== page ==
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Houston Chronicle July 15, 2005

Shuttle could lift off Sunday, but odds slim

By Mark Carreau

CAPE CANAVERAL, FLA. - Still struggling to explain a problem with a faulty space shuttle fuel gauge, NASA said Thursday that Discovery could lift off no sooner than Sunday but did not rule out a postponement until September.

NASA mission management team chief Wayne Hale said the chances of a Sunday liftoff "are not high."

"I wish I had more answers," he said of the faulty reading from one of four sensors that caused the space agency to scrub Wednesday's scheduled launch of Discovery on the first shuttle mission since the 2003 Columbia accident.

"The repair that might get us to Sunday is if we go in and wiggle some of the wires and find a loose connection. But, I got to tell you," Hale said, "the folks that put those wires together and make the connections do a really good job."

The space agency has enlisted hundreds of engineers from field centers throughout the country to determine if the problem lies with the gauge itself, wiring inside the winged shuttle orbiter or what is emerging as the leading suspect — the aging transistors in an electronics box.

Standing by

Discovery was held at a 48-hour state of readiness, a posture managers intended to re-evaluate today. Astronauts Eileen Collins, Jim Kelly, Steve Robinson, Andy Thomas, Wendy Lawrence, Charles Camarda and Soichi Noguchi remained at the Florida shuttleport.

The difficulties underscore the dilemma faced by the space agency, which was widely criticized for safety lapses after the Columbia tragedy. NASA has vowed to fly safely but to retire the 24-year-old shuttle fleet by 2010 so it can replace the spacecraft with a ship capable of transporting explorers back to the moon.

"I don't think they're going to be interested in spending a huge amount of money on a novel maintenance (strategy). It would take a couple of years to get it implemented, and then they'd use it for only a few years," said John Pike, a space policy analyst with a Virginia-based national security think tank, globalsecurity.org.

"The challenge — the risk to the shuttle — is that they'll treat it as an old car they don't want to spend money on."

Aging shuttle, parts

At 21, Discovery is the oldest of NASA's three remaining shuttles and was last launched four years ago.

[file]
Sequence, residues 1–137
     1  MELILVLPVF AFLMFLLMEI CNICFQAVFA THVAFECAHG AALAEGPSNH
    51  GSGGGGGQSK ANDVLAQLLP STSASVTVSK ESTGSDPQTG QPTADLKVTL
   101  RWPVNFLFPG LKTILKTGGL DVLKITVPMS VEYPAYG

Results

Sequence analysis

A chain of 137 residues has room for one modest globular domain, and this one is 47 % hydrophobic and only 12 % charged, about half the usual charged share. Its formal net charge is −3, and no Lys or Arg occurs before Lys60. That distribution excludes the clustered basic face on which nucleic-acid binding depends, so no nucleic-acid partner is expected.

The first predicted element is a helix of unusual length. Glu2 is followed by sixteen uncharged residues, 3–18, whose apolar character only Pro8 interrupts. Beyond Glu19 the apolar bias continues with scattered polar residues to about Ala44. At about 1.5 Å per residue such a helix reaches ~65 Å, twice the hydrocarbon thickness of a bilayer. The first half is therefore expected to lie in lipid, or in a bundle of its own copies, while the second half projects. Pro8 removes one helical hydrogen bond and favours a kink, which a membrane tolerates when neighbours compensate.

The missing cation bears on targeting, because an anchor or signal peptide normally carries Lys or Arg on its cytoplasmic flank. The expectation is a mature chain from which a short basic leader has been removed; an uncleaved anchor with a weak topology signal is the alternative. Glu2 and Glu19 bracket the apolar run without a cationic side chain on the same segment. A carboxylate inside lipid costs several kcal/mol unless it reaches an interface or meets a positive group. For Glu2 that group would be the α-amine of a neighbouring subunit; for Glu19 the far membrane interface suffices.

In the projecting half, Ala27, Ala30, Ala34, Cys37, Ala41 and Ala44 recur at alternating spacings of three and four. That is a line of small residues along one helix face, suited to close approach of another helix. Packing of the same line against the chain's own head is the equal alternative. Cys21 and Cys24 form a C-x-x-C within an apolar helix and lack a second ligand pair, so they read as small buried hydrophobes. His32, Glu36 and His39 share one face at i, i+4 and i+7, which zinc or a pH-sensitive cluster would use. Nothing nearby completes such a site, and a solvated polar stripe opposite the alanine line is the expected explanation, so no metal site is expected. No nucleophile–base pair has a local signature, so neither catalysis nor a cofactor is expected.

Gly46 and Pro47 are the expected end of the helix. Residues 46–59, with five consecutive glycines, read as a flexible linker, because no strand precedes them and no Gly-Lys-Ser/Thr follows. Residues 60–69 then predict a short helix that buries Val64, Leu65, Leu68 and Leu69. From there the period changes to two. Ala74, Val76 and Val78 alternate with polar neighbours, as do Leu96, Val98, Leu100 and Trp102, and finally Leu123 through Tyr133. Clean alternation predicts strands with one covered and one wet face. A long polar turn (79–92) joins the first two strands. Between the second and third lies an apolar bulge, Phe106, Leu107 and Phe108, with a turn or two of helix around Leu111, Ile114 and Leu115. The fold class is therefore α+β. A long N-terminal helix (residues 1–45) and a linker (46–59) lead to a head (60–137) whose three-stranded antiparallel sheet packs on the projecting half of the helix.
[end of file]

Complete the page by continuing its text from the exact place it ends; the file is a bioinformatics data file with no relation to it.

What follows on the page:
In April, a launchpad test revealed erratic readings from two of four fuel gauges embedded in the bottom of the external tank's hydrogen propellant container.

During a second test in May, the gauges worked, and managers credited new wiring and other circuitry. After the tank was later replaced to address other safety concerns, NASA decided not to repeat the test a third time.

Changes to Discovery included a piece of electronics called a "point sensor box" that is crucial to the fuel gauges that caused the postponement.

The point sensor box aboard Discovery was taken from Endeavour, at 13 the youngest orbiter in the shuttle fleet. Later, NASA managers learned the box contained 20-year-old transistors showing signs of degradation in non-space agency hardware.

Because the sensor box functioned in pre-installation tests, mission managers were confident it would work.

Now, shuttle managers are preparing a replacement in case their trouble-shooting of the fuel-gauge problem points to the box.

They said Thursday that an existing box that had been considered a replacement provides lower voltage than needed.

The assembly of another point sensor box will take 10 to 20 days, Hale said.

If Discovery does not lift off by July 31, the launch would be postponed until September.

The fuel gauges are designed to signal the shuttle's three rocket engines to shut off when the hydrogen propellant supply is nearly exhausted to lower the risk that the engines would churn without fuel and trigger an explosion.

The gauges provide a safety net, said NASA's Mike Kinard, the deputy project manager for shuttle rocket engines.

Normally, the shuttle's flight-control computer signals the engines to turn off when the spacecraft reaches a velocity of about 5 miles per second. If a problem prevents the command from reaching the engines, the fuel gauges would order the shutdown.

The gauges become even more crucial if there is a fuel leak, Kinard said.

That happened aboard Columbia in 1999 with Collins in command. The shuttle, which reached orbit safely, leaked fuel through a hydrogen cooling line coiled inside the rocket nozzle.

As Columbia lifted off, a piece of debris perforated several of the lines, and the engines responded by increasing consumption of liquid oxygen. The oxygen fuel gauges triggered a safe shutoff before trouble developed.

Reporter Kim Cobb contributed to this report.


Copyright 2005, Houston Chronicle